harvests to the inhabitants. But the saga also indicates that the sun-dis had veiled herself, and made herself as far as possible unapproachable, and that when Heimdal had forced himself into her presence she fled to northern ice-enveloped regions, where the god and his foster-son, sword in hand, had to fetch her, whereupon a happy marriage between him and the sun-dis secures good weather and rich harvests to the land over which he rules. At the first glance it might seem as if this myth had left no trace in our Icelandic records. This is, however, not the case. Its fundamental idea, that the sun at one time in the earliest ages went astray from southern regions to the farthest north and desired to remain there, but that it was brought back by the might of the gods who created the world, and through them received, in the same manner as Day and Night, its course defined and regularly established, we find in the Völuspa strophe, examined with so great acumen by Julius Hoffory, which speaks of a bewilderment of this kind on the part of the sun, occurring before it yet “knew its proper sphere,” and in the following strophe, which tells how the all-holy gods thereupon held solemn council and so ordained the activity of these beings, that time can be divided and years be recorded by their course. Nor is the marriage into which the sun-dis entered forgotten. Skaldskaparmal quotes a strophe from Skuli Thorsteinson where Sol* is called Glenr’s wife. That he whom the skald characterises by this epithet is a god is a matter of course. Glenr signifies “the shining one,” and this epithet was badly chosen

* Sol is feminine in the Teutonic tongues. —TR.


if it did not refer to “the most shining of the Asas,” hvítastr ása — that is, Heimdal.

The fundamental traits of “King Ruther” resemble Saxo’s story. There, too, it is a king who undertakes a perilous journey of courtship and must fight several battles to win the wondrous fair maiden whose previous suitors had had to pay for their eagerness by having their heads chopped off and fastened on poles. The king is accompanied by Berter, identical with Berchtung-Borgar, but here, as always in the German story, described as the patriarch and adviser. A giant, Vidolt — Saxo’s Vitolphus, Hyndluljod’s Vidolfr — accompanies Ruther and Berter on the journey; and when Vitolphus in Saxo is mentioned under circumstances which show that he accompanied Borgar on a warlike expedition, and thereupon saved his son Halfdan’s life, there is no room for doubt that Saxo’s saga and “King Ruther” originally flowed from the same mythic source. It can also be demonstrated that the very name Ruther is one of those epithets which belong to Heimdal. The Norse Hrútr is, according to the Younger Edda (i. 588, 589), a synonym of Heimdali, and Heimdali is another form of Heimdal (Isl., i. 231). As Hrútr means a ram, and as Heimdali is an epithet of a ram (see Younger Edda, i. 589), light is thrown upon the bold metaphors, according to which “head,” “Heimdal’s head,” and “Heimdal’s sword” are synonyms (Younger Edda, i. 100, 264; ii. 499). The ram’s head carries and is the ram’s sword. Of the age of this animal symbol we give an account in No. 82. There is reason for believing that Heimdal’s helmet has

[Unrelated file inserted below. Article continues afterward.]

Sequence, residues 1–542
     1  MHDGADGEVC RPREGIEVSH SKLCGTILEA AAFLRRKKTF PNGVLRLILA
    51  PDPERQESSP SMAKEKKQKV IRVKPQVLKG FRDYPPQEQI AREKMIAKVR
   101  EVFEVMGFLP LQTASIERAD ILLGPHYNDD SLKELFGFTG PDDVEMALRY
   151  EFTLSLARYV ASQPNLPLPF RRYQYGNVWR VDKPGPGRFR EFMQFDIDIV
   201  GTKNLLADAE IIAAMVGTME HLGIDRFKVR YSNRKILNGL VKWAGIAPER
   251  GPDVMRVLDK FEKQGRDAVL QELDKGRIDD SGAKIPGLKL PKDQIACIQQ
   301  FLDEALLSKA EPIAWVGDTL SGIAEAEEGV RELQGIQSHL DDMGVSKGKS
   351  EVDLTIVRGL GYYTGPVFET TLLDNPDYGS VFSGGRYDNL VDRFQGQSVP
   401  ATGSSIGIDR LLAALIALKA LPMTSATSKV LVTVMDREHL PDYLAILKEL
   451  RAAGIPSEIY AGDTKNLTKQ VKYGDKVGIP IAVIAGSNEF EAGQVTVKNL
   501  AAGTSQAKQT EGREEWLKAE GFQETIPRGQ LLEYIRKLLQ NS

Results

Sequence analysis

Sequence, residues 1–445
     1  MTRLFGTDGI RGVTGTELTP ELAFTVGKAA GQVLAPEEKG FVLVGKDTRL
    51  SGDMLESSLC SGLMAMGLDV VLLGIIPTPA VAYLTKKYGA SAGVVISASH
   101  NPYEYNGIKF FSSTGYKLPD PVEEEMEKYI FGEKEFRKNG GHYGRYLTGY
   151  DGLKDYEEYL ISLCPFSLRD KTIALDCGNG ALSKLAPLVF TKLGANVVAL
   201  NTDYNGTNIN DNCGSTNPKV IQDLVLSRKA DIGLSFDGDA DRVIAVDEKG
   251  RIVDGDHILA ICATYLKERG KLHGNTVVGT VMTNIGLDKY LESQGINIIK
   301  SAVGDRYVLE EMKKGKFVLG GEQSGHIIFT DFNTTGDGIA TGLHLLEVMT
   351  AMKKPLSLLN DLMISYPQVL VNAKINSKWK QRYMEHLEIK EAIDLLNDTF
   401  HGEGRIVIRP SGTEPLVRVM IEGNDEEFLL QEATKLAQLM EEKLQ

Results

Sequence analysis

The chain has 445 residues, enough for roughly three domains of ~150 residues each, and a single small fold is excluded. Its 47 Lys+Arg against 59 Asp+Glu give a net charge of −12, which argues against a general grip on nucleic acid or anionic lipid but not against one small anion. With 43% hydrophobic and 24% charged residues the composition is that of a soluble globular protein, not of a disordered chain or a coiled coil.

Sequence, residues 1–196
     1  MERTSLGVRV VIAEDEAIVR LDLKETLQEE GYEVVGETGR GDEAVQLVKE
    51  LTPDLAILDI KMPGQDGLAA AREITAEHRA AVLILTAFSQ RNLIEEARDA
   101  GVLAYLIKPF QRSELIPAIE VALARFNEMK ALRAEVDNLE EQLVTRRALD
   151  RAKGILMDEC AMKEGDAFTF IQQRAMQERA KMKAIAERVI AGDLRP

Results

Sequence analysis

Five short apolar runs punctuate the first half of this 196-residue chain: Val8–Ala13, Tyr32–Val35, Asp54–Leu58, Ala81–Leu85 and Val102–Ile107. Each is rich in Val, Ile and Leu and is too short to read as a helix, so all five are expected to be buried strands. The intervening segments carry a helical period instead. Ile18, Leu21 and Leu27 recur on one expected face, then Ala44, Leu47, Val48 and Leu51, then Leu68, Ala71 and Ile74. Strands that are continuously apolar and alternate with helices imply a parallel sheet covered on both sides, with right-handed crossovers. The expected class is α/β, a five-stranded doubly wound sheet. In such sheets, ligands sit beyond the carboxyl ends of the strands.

been conceived as decorated with ram’s horns.* A strophe quoted in the Younger Edda (i. 608) mentions Heimdal’s helmet, and calls the sword the fyllir of Heimdal’s helmet, an ambiguous expression, which may be interpreted as that which fills Heimdal’s helmet; that is to say, Heimdal’s head, but also as that which has its place on the helmet. Compare the expression fyllir hilmis stóls as a metaphor for the power of the ruler.

28 B.


The danger averted by Heimdal when he secured the sun-dis with bonds of love begins in the time of Borgar. The corruption of nature and of man go hand in hand. Borgar has to contend with robbers (pugiles and piratæ), and among them the prototype of pirates — that terrible character, remembered also in Icelandic poetry, called Rodi (Saxo, Hist., 23, 345). The moderate laws given by Heimdal had to be made more severe by Borgar (Hist., 24, 25).

While the moral condition in Midgard grows worse, Loke carries out in Asgard a cunningly-conceived plan, which seems to be to the advantage of the gods, but is

* That some one of the gods has worn a helmet with such a crown can he seen on one of the golden horns found near Gallehuus. There twice occurs a being wearing a helmet furnished with long, curved, sharp pointed horns. Near him a ram is drawn, and in his hand he has something resembling a staff which ends in a circle, and possibly is intended to represent Heimdal’s horn.


intended to bring about the ruin of both the gods and man. His purpose is to cause enmity between the original artists themselves and between them and the gods.